The coupling affects the evolution of some quantities of interest, such as the age of the universe and the deceleration parameter. Given and , the age of the universe and the transition redshift at which the universe switches from deceleration to acceleration become larger as the value of increases from negative to positive. In the next section, we place observational constraints on the strength of the coupling.

## Iii Constraints from Recent Observations

In this section, we study the viability of interacting models presented in the previous section by using recently released SNLS data ast05 in conjunction with the BAO peak in the SDSS eis05 and the CMB shift parameter wan06 .

Recently Astier et al. ast05 have compiled a new sample of 71 high-redshift SNe Ia, in the redshift range , discovered during the first year of the 5-year SNLS. This data set is arguably the best high-redshift SN Ia compiled data, since the multi-band, rolling search technique and careful calibration are adopted. The luminosity distance to supernovae is given by review ; CST

(17) |

The baryon oscillations in the galaxy power spectrum are imprints from acoustic oscillations prior to recombination, which are also responsible for the acoustic peaks seen in the CMB temperature power spectrum. The physical length scale associated with the oscillations is set by the sound horizon at recombination, which can be estimated from the CMB data spe06 . Measuring the apparent size of the oscillations in a galaxy survey allows one to measure the angular diameter distance at the survey redshift. Although the acoustic features in the matter correlations are weak on large scales, Eisenstein et al. eis05 have successfully found the peaks using a large spectroscopic sample of luminous red galaxies from SDSS yor00 . This sample contains 46,748 galaxies covering 3816 square degrees out to a redshift of . They found a parameter , which is independent of dark energy models eis05 . From Eq. (5) in their paper eis05 , we write it as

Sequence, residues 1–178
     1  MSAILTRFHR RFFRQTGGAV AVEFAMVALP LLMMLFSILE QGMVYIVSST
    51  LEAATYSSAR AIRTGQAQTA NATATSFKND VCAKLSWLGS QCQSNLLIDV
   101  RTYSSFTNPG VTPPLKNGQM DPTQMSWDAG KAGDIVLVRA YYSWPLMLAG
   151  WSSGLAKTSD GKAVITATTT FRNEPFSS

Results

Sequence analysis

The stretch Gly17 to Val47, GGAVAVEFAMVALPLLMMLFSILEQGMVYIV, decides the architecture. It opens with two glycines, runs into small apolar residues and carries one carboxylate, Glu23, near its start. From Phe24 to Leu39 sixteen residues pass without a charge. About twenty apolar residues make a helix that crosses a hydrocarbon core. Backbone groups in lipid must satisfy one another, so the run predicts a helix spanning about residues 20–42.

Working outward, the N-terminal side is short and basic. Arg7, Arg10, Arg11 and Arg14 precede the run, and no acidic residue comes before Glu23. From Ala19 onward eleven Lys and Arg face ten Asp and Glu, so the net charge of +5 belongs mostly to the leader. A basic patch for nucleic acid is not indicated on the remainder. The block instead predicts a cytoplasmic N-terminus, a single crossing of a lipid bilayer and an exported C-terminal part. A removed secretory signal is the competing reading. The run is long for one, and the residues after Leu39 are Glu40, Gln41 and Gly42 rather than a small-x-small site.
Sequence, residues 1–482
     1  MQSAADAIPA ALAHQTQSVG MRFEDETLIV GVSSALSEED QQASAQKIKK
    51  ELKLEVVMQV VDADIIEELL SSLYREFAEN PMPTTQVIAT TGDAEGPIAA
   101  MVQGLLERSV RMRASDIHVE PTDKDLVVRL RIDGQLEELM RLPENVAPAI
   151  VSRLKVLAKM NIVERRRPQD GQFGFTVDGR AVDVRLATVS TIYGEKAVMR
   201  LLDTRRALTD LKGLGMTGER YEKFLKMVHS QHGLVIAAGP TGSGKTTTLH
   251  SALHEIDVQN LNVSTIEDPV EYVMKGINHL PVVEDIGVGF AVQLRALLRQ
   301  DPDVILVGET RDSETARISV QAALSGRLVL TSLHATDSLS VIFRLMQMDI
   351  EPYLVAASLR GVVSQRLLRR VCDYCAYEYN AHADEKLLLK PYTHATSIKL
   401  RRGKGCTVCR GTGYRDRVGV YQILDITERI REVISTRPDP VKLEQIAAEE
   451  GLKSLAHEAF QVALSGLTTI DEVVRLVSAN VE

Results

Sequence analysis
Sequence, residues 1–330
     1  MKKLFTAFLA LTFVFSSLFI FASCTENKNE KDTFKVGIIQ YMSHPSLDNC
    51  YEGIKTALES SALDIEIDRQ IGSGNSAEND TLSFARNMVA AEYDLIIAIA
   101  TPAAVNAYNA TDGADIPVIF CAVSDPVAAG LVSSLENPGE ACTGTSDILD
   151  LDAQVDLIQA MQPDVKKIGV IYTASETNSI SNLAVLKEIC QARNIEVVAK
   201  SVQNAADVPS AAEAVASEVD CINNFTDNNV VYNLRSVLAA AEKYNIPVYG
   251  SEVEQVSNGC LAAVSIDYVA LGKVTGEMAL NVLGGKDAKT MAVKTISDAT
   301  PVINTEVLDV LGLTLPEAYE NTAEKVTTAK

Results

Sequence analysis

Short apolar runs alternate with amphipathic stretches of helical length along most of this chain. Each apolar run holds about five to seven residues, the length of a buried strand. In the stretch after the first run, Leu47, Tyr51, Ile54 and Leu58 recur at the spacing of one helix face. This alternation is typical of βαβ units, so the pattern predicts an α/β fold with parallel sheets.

(18) |

where and is measured to be . In our analysis, we combine these measurements.

The CMB shift parameter captures the correspondence between the angular diameter distance to last scattering surface and the relation of the angular scale of the acoustic peaks to the physical scale of the sound horizon bon97 . Its value is expected to be mostly model-independent, which can be extracted accurately from CMB data. The shift parameter is given by wan04

(19) |

where is the redshift of recombination. It provides a useful constraint on evolving dark energy models since the integral over extends to high redshifts. The recent analysis of the three-year WMAP data spe06 gives at wan06 .

### iii.1 Constant coupling models

Let us first consider observational constraints on constant coupling models. In Fig. 1, we show probability contours from SNLS when we take a prior for such that the probability distribution is a Gaussian with a mean of and a standard deviation given by . We also assume the condition to exclude the possibility that dark matter behaves as a phantom matter [see Eq. (6)]. The phantom dark matter is problematic for successful structure formation. Then we find that the SNLS data gives a weak constraint on the coupling as at the 95% confidence level. When we choose the wider range of the prior for , the constraint becomes weaker.